And then the games began. Sunday morning, a weekend, the first warm and clear weather in weeks and the first day in many without small craft advisories or warnings .... every boat in Broward county was on the water. The ICW channel is so narrow and sinuous in some places that the pilings for the day marks look like a picket fence and little of the water's surface between the picket fences was bare of a boat .... big and small, sail and power, craft of every conceivable configuration and color were on the move. The bigger boats, and sail boats, moved steadily, if not slowly, while the smaller boats darted between and around them, taking comfort in clearance that was measured in femtoinches .... no scratches in the gel coat, then no problem. Everyone seemed to understand the navigation and the complex choreography except us. In the boating sense I felt like the rural guy from Spring Creek on his first trip to the "Big City."

We went to a marina to refuel, no real problems, and then headed for Cooley's Landing, a marina that had been recommended to us by a couple of people as cheap with OK facilities and in a beautiful tableau ... along the New River with a river walk akin San Antonio's. So, off we go! We had to cover about 3 miles to the marina. We had studied the chart but the difference between the six inches on paper and the 3 miles on the water was beyond my imagination. The river is tortuous, with more twists and hair pin turns than NC Hwy 209 and, in some places it's not nearly so wide. The amount of traffic on such a small waterway was staggering: the huge boats that moor there were out for the nice day; others, some semi-huge, were just sight seeing; then there were the tour boats, some tarted up as paddle wheelers. The New River must be an A-list sort of place, big bucks! The narrow waterway is lined with yachts and mega-yachts parked at their mansions; 50-ft. is a small craft and more than 100-ft. is common. These dreadnaught wanna-be's so narrow the channel that some keep fenders on their water sides for the inevitable bumps that occur. At one point a 75-ft. boat literally honked its horn at us because we were going too slowly and he wanted to pass us; I found a way to let it by. Another used its loudspeaker to tell us to get the H... out of the way; I did not. The high point of the transit was when a bridge keeper started lowering the span onto our mast, claiming that he did not see us as we passed through with several other boats.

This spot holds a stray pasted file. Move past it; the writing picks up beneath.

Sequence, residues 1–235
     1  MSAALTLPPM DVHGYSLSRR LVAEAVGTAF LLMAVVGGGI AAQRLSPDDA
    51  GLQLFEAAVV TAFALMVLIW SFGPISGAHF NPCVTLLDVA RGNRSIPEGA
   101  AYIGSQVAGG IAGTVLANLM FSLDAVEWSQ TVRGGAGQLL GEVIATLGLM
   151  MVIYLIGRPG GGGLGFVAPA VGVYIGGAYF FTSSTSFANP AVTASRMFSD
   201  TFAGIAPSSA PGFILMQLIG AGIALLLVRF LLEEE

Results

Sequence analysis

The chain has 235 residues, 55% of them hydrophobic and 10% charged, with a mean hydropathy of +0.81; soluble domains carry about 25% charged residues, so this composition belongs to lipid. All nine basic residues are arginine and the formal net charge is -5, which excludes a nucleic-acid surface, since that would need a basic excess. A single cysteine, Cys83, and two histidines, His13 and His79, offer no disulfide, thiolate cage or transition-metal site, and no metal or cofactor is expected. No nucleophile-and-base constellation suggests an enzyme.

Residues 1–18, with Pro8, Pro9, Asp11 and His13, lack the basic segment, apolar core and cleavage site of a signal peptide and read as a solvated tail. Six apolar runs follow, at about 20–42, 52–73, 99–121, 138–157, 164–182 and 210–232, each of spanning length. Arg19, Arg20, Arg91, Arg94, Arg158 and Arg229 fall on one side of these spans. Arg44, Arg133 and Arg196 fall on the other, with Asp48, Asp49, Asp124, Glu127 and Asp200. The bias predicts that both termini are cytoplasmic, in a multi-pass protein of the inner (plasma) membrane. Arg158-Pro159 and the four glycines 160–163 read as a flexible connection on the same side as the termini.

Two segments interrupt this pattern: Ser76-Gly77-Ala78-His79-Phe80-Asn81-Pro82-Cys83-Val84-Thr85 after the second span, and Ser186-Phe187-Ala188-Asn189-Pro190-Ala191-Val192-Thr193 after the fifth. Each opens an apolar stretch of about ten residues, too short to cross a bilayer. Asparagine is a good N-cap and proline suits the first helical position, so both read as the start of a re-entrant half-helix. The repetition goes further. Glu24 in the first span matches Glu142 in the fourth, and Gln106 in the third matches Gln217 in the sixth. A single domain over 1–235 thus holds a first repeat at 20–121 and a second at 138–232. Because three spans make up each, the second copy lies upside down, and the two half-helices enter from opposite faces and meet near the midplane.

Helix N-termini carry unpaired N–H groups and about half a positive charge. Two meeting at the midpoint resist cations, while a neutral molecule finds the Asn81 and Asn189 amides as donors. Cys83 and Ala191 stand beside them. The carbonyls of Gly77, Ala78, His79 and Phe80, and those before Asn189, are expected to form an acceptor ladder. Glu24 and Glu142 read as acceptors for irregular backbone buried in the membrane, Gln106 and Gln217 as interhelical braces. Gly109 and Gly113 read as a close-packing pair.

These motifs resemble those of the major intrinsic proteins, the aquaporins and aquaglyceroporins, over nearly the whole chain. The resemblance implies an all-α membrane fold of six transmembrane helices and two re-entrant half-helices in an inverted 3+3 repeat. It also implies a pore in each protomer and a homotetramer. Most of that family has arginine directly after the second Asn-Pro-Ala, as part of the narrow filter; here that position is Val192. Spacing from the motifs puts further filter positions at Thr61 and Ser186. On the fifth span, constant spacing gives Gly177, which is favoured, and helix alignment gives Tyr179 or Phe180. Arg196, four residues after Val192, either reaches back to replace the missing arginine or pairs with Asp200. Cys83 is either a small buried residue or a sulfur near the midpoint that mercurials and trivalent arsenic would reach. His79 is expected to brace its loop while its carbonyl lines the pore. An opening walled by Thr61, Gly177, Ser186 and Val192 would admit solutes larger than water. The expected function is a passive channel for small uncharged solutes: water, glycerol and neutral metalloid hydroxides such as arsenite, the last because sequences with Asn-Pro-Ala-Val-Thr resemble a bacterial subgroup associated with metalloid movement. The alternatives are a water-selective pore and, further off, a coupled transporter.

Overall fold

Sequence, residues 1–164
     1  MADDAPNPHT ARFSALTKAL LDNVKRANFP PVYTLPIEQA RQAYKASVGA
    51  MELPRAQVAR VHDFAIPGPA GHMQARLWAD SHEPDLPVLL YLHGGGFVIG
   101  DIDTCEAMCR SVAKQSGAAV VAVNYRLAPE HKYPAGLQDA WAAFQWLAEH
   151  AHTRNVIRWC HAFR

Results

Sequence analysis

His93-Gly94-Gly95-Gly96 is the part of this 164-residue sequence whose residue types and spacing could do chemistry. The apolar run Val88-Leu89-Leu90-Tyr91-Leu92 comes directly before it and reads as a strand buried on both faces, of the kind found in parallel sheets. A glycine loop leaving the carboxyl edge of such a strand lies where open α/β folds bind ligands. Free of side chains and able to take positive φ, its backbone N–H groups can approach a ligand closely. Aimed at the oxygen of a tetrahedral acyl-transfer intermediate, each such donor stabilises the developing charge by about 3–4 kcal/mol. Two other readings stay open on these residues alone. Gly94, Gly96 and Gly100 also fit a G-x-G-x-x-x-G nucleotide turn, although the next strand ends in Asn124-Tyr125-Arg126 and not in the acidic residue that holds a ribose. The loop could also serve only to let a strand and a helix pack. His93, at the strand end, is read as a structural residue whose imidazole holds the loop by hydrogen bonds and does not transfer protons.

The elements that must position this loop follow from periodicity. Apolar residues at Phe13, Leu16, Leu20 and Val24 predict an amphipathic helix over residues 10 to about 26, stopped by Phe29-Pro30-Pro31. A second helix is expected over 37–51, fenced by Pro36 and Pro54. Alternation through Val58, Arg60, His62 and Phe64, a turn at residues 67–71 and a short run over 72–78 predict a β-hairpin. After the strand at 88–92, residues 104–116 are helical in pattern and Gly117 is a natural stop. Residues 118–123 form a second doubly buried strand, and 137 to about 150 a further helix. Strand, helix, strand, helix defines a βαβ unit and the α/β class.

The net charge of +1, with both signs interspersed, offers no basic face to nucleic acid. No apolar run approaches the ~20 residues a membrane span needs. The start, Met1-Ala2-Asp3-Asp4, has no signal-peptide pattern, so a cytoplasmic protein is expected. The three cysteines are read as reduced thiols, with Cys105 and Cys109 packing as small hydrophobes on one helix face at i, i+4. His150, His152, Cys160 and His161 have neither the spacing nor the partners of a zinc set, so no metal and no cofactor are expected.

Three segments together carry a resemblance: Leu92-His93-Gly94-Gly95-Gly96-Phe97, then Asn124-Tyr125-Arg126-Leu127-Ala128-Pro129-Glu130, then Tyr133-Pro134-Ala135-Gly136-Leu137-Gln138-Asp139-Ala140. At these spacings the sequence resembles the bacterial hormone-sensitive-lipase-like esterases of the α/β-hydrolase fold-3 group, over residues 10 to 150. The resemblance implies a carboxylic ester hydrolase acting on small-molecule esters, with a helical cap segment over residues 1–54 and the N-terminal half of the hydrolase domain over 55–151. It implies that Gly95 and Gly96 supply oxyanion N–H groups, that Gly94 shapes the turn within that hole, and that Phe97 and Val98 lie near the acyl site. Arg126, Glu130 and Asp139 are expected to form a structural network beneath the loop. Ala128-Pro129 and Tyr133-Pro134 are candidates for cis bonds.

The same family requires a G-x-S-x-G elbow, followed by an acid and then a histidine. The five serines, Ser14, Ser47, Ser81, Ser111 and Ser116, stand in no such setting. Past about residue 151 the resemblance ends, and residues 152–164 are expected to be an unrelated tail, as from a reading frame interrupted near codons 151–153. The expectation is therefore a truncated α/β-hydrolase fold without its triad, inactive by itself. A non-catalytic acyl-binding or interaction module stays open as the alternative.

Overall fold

This is the New River, from a bridge, where we are moored. We are directly across from the large white boat on the left side in the second photo.

This back end of a boat, so big, that it is being towed up the river. There are tow boats on the bow and stern so that it can be pushed, pulled and pivoted through the turns, something it could not do under its own power.

We did not know the precise location of the marina and this one, a city marina, has no sign or yellow arches to identify it. We were instructed to get there at 1245, slack water, for the easiest mooring. The person neglected to say that he would be at lunch then and, on return, too busy watching the Olympics to respond to the VHF radio or phone. So, in the narrow channel, we leaned over the side to ask the folks in the boats next to us if they knew where the marina is. One, in a kayak, confirmed what we suspected, that we were in about the right place. At this point, my legendary, saint-like patience exhausted, I decided that we were staying there, right or wrong, and that Carol could sort out the issues later. The only problem was that we were in the "right hand lane" with heavy boat traffic behind us and a steady stream of boats coming toward us from the bascule bridge; we had to make a "left hand turn" into the marina. It never occurred to me that a boat might need a turn signal but one would have been useful. The only option was to wait for a break in the oncoming traffic, which is when the big boat behind us used its loudspeaker. We moored safely; it was the right marina; and after I told the man on duty what I thought Carol did, in fact, have to sort things out.

The marina's setting is, as advertised, a beautiful place. It's going to be 75 degrees today. The river walk is gorgeous and there are stores near by. We'll stay here a couple of days, rest a little, do some maintenance, make a repair or two, and then head to the Keys before the weekend.

Posted by sailziveli 07:37